The steadily falling cost of unmanned aerial vehicles (UAVs), commonly known as drones, has allowed for their expanded use in everything from photography, racing, and surveying to package delivery. Drones for recreational use are also on the rise.
With drone use expected to continue to grow, greater attention is being paid to issues related to security and public safety.
Incidents involving drones flying near critical infrastructure areas and major airports are increasing in number. One widely reported incident occurred late in 2018 when a handful of drones grounded flights at Gatwick airport in the U.K., affecting about 110,000 passengers who had their travel plans affected by the alleged intrusion.
In January, London’s Heathrow Airport briefly closed after drones allegedly were spotted in the areas. Possible drone sightings near New Jersey’s Newark Liberty International Airport disrupted flights both in and out of the area causing delays. And a Greenpeace drone dropped smoke bombs on a French nuclear power facility to expose a weak point in the facility.
These types of incidents rfaise important questions that will need to be addressed in 2019. Namely, how do governments and critical facilities prevent drones from getting so close and what penalties will be established to deter behavior?
“I believe this is not a matter just for 2019 but is the most important issue that needs to be addressed in the next few years if we are to see drones being deployed in a large scale,” Stelios Kotakis, senior research analyst for service provider technology at IHS Markit, told Electronics360.
Kotakis said measures likely will be taken this year for traditional aviation to allow governments and regulatory authorities to identify any flying drone at a given time in a specific area.
Companies such as DroneShield and Dedrone are working on ways to combat drones that threaten high-security areas or installations with both hardware and software solutions.
DroneShield has developed sentry devices equipped with radar and thermal imaging to track down incoming drones. DroneShield also has the DroneGun Tactical, a rifle-like device that can bring down drones in what the company says is a safe manner.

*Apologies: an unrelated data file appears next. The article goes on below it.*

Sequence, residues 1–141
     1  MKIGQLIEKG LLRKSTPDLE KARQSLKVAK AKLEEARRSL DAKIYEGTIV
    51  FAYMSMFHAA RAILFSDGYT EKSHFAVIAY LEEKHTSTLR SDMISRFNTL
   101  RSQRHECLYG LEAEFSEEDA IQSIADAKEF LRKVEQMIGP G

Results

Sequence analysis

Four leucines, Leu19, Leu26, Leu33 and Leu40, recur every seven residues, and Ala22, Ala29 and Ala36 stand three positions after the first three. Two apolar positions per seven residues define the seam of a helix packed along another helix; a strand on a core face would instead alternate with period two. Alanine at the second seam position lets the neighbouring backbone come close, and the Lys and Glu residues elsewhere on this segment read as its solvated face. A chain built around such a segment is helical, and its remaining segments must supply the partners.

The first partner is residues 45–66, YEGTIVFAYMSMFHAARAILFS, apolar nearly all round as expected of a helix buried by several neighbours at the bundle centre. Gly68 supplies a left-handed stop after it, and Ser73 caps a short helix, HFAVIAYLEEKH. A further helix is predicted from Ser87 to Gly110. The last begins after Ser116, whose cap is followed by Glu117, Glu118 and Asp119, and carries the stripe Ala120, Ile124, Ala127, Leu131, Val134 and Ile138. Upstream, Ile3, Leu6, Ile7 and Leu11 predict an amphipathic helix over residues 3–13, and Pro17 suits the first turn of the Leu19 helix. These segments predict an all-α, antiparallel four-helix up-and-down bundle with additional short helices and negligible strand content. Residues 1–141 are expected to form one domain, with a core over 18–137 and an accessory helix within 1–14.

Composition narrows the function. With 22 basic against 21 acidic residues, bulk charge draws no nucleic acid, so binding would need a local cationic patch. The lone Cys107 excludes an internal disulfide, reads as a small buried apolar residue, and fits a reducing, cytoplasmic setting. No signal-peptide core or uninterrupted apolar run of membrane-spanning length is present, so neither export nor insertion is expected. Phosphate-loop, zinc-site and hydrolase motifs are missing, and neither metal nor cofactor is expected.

Dedrone has developed both RF sensors with drone tracking software that includes both passive and active countermeasures that can be used to track drone flight paths as well as the location of pilots.
The drone delivery market has heated up in recent months. Both small and large companies are launching pilot projects to test the viability of this form of last-mile logistics and goods transport as it goes mainstream.
Drone delivery services in 2019 will continue to ramp up with more projects testing the technology and determining how it interacts in complex operational space. Flytrex, which delivered more than 1,000 goods in Iceland in 2018 and began ferrying food and drinks to patrons at a North Dakota golf course, will begin a program as part of the FAA’s UAS Integration Pilot Program. That pilot will bring food, drugs and clothing to consumers in Holy Spring, North Carolina.
“We are beginning to reach a point of instant gratification of whatever you want as fast as you can order online,” said Yariv Bash, CEO of Flytrx.
Bash said drone delivery is well paired with online ordering that blossomed as a result of offerings such as Amazon Prime. Amazon told consumers it would cut shipping costs so people felt at ease with ordering one thing at a time, Bash said. “We see this as the ultimate use for small, light drones and will eventually be a preferred method of shipping on different sites.”
Although drones probably will not carry the next large-screen TV that consumers order, Bash said drones can carry about 90% of what can be sent through Amazon.